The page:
Samsung Electronics sets 2027 target for 1.4 nanometer chips
Samsung Electronics is targeting 2027 for the production of 1.4-nanometer chips and aims to triple production capacity for advanced chips by then.
The announcement of the goals, made by a company executive at the Samsung Foundry Forum in San Jose, California on Monday, came as the chipmaker faces intense competition and yield challenges and as all semiconductor companies struggle with overcapacity.
If the aggressive timeline is met, the pace could keep Samsung Electronics a tick ahead of TSMC in meeting key manufacturing benchmarks.
The Korean company started delivery of 3-nanometer chips in the first half of the year, while the Taiwan company will hit that mark later this year.
Both companies are set to deliver 2-nanometer chips in 2025.
Only Samsung Electronics has announced a schedule for the rollout of 1.4 nanometer chips.
“The technology development goal down to 1.4 nanometers and foundry platforms specialized for each application, together with a stable supply through consistent investments, are all part of Samsung’s strategies to secure customers’ trust and support their success,” said Choi Si-young, president and head of the foundry business at Samsung Electronics.
The chipmaker will also triple production capacity of advanced chips — chips that are sub-7 nanometers — by 2027.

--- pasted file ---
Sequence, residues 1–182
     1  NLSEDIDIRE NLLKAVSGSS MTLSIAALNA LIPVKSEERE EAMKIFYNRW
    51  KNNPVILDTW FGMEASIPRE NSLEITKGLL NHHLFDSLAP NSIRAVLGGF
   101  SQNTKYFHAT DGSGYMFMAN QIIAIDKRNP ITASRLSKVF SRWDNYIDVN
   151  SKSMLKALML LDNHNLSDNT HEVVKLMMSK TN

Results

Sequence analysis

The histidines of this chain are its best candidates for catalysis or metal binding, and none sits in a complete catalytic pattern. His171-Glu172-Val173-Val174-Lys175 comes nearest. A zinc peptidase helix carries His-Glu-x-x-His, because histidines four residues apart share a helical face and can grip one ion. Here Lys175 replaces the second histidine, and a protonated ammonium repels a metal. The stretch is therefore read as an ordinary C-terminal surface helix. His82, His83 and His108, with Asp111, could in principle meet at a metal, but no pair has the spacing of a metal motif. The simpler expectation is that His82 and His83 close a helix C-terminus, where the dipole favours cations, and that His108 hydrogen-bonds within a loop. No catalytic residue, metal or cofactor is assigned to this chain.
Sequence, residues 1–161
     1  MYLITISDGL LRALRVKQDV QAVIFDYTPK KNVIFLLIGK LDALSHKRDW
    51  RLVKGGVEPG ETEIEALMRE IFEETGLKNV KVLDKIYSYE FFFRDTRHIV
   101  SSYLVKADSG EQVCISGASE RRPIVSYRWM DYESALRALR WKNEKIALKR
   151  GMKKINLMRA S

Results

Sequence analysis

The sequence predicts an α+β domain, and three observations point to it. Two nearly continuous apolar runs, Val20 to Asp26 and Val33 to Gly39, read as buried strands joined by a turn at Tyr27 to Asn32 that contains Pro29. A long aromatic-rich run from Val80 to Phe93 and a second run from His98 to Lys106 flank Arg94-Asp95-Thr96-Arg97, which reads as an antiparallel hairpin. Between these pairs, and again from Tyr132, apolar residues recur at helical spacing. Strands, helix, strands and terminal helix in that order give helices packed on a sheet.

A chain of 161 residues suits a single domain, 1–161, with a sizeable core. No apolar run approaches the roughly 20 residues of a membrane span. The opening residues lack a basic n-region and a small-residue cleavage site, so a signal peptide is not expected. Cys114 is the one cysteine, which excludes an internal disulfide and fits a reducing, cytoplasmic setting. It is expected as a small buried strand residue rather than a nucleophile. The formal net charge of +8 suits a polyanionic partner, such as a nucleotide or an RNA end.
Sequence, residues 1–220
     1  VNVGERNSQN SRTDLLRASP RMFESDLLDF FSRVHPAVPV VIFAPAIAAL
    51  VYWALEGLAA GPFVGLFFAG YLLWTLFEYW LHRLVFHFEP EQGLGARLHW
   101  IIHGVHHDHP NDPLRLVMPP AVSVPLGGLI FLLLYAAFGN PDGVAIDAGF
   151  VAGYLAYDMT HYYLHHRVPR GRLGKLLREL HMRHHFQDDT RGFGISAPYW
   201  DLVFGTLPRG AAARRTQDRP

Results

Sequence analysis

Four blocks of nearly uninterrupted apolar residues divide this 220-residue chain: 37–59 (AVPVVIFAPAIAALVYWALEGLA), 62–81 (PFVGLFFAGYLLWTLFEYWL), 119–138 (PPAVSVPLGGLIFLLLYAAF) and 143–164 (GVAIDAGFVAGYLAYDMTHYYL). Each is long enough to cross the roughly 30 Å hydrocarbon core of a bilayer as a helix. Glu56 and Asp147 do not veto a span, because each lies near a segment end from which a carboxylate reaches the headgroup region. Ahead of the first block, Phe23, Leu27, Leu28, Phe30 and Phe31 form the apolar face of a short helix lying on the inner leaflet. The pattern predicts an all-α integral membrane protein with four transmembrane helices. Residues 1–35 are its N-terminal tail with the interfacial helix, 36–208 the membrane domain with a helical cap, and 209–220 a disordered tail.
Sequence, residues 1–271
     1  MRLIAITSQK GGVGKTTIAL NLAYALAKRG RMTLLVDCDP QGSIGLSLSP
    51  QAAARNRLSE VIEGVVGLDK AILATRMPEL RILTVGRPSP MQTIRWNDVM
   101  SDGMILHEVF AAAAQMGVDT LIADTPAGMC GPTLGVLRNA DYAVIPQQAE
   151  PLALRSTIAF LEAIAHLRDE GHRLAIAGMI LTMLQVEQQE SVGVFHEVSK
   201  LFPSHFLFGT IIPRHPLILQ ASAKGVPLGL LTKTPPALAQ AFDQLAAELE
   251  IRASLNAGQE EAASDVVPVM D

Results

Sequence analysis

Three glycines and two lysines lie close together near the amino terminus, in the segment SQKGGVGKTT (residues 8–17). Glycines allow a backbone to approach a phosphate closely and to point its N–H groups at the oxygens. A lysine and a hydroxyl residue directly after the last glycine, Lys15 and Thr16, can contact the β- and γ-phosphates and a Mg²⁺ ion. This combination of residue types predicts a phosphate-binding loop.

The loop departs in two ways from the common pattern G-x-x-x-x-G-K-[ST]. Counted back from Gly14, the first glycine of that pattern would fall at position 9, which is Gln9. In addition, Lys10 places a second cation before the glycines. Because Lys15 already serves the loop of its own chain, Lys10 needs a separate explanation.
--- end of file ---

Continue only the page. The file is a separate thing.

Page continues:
Supply is far outpacing demand for chips, especially memory products, as people hold back on appliance and smartphone purchases.
Kyung Kye-hyun, chip CEO at Samsung Electronics, has emphasized that investment in the foundry business is should not correlated to the up and downs of the market, and that countercyclical thinking is needed.
“If we are to attract big clients, it is essential to have big capacity that suits their needs,” Kyung said last month.
“In terms of investment, Samsung Electronics tended to spend more in good times and less in bad times,” he said. “But as the business cycle moves at a faster pace, the smaller investment in bad times could translate into bad results in good times.”
The manufacturer vowed to increase the sales proportion of chips used in vehicles and high performance computing (HPC) to over 50 percent of its total in an effort to reduce the over-reliance on chips used in mobile devices.
Demand for cars and advanced computing is less volatile than demand for electronic devices.
Over 50 percent of revenues from the foundry business of Samsung Electronics comes from chips used in mobile devices, according to a spokesperson.
“Samsung actively plans to target high-performance and low-power semiconductor markets such as HPC, automotive, 5G and the Internet of Things (IoT),” the company said in a statement.
Shares of Samsung Electronics jumped by 3.95 percent to close at 55,200 won ($38.74) on Tuesday. They are down 30 percent year to date.
BY PARK EUN-JEE [email@example.com]